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Mostly known as the successor of the incredibly popular Hubble Space Telescope, Webb will observe the universe with detectors that target near and mid infrared wavelengths. This means that the instruments on board Webb are specially designed to combat some of the historic challenges astronomers have faced when trying to observe the early universe, like huge dust clouds that block the view of celestial objects, cosmological redshifting, and even interference from other bodies.

In fact, there are three things necessary to create the perfect environment for an infrared telescope; a large mirror to collect as much light as possible, extremely cold temperatures, and a clear line of sight to your target. Each detail has been thought out meticulously over the past two decades leading to this point, like orbital selection. 1.5 million kilometers is a bit of a trip to say the least.

So why are we putting Webb in such a distant orbit? Well, it’s heading to L2, the second Lagrange point around the Sun and Earth. These five points are stable configurations that allow bodies to orbit each other, but still remain in the same position relative to one another. The key to L2 is centripetal force, which you can imagine as the tension in a rope on a tether ball that keeps it connected to the pole. At L2, the centripetal force required for a small satellite-sized object to move with respect to the Earth is equal to the gravitational pull of the two larger masses. Meaning that this particularly cozy orbit has several benefits to support Webb’s mission.

#NASA #JamesWebbSpaceTelescope #science #seeker #space #technology #elements

Read More:

The largest space telescope in history is about to blow our minds
https://www.vox.com/science-and-health/22664709/james-webb-space-telescope-launch-date-december-science-hubble
“‘The Webb represents the culmination of decades, if not centuries, of astronomy,’ says Sara Seager, a planetary scientist and astrophysicist at MIT. ‘We’ve been waiting for this a very long time.'”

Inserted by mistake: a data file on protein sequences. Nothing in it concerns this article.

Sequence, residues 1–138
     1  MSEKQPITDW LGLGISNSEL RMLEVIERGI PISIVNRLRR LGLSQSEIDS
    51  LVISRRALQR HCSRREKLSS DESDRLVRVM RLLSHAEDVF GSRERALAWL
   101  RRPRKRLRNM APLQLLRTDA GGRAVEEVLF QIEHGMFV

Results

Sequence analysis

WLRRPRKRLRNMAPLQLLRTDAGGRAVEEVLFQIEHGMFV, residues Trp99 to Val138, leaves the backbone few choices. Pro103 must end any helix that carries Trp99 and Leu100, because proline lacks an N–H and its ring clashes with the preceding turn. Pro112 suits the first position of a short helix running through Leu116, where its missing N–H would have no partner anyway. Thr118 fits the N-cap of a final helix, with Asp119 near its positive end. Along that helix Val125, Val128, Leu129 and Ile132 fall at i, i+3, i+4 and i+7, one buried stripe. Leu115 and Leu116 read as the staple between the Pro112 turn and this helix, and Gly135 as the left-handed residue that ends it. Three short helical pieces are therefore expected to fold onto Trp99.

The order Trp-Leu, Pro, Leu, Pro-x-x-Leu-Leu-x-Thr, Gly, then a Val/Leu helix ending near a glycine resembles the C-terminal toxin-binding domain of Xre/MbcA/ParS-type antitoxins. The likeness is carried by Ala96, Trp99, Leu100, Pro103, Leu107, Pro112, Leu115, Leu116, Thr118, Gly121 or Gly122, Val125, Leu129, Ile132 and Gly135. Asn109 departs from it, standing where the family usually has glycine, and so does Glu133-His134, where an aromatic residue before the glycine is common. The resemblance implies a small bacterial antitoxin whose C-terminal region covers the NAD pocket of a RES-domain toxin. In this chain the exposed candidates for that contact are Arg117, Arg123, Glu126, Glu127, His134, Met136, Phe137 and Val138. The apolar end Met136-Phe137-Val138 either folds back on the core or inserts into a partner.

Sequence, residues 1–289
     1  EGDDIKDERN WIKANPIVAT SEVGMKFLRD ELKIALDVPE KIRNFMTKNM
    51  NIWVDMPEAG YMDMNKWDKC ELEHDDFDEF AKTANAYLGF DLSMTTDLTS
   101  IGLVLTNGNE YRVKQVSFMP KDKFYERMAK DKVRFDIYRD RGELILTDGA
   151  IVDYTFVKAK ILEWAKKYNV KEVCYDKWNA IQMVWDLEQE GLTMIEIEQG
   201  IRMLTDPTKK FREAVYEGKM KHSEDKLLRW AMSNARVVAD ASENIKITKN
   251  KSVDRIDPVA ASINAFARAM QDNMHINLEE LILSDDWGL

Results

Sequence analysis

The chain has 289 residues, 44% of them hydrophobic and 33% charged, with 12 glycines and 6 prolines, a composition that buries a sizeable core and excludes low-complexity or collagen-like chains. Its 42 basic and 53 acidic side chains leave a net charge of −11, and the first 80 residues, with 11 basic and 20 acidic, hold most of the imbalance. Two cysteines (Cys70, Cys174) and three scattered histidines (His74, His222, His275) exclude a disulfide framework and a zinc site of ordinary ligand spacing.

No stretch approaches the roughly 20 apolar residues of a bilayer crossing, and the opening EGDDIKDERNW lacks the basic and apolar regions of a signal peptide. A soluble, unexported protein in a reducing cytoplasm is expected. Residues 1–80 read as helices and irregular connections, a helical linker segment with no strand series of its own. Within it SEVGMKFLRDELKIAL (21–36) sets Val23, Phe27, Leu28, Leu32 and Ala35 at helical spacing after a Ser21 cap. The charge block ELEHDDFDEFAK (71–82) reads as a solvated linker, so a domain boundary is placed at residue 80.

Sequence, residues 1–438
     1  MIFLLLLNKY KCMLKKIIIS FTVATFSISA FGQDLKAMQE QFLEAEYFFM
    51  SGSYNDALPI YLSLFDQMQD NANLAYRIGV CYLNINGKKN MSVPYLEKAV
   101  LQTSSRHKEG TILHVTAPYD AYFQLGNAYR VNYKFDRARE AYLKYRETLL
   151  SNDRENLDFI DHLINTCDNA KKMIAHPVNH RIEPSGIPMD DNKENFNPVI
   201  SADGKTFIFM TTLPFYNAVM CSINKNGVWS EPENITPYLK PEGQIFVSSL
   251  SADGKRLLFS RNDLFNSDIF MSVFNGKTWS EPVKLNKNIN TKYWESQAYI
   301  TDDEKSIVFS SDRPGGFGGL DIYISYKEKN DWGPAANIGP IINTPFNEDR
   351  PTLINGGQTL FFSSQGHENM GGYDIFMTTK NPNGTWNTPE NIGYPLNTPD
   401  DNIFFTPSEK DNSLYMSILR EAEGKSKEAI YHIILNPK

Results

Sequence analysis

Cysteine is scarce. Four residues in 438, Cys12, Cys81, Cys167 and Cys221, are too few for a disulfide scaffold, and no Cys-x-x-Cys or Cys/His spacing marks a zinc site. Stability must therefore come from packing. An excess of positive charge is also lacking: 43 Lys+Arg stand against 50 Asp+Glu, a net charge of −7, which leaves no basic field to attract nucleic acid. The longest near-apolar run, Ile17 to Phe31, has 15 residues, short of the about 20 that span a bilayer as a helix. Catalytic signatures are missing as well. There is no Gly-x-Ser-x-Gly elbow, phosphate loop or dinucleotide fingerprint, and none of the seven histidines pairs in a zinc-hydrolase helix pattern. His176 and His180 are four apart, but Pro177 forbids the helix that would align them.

NASA’s new telescope will show us the infancy of the universe
https://www.newyorker.com/magazine/2021/08/16/nasas-new-telescope-will-show-us-the-infancy-of-the-universe
“The J.W.S.T. will then continue on its own, for twenty-nine days, toward a lonely, lovely orbit in space, about 1.5 million kilometres from Earth, where we will never visit it, though it will stay in constant communication with us. From Earth, it will appear ten thousand times fainter than the faintest star.”

The Five Big Ways the James Webb Telescope Will Help Astronomers Understand the Universe
https://www.smithsonianmag.com/science-nature/five-big-ways-james-webb-telescope-will-help-astronomers-understand-universe-180978303/
“Webb’s conception is inspired by the Hubble Space Telescope—the 31-year-old observatory famous for capturing stunning photos of our universe’s galaxies. But Webb picks up where its predecessor falls short, says Eric Smith, Webb’s program scientist and chief scientist of NASA’s Astrophysics Division. There’s really no telescope like Webb so far, he says.”

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Elements is more than just a science show. It’s your science-loving best friend, tasked with keeping you updated and interested in the compelling, innovative, and groundbreaking science that’s happening all around us. Join our passionate hosts as they help break down and present fascinating science, from quarks to quantum theory and beyond.

Seeker empowers the curious to understand the science shaping our world. We tell award-winning stories about the natural forces and groundbreaking innovations that impact our lives, our planet, and our universe.

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Witness Numbers (and the truthful 1,662,803) – Numberphile

Featuring Matt Parker – more Parker links below.
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We Built An Unrideable Bike To Show How Bikes Work

Why are bicycles stable? The most common answer is gyroscopic effects, but this is not right. This video was sponsored by Kiwico. Get 50% off your first month of any crate at https://kiwico.com/veritasium50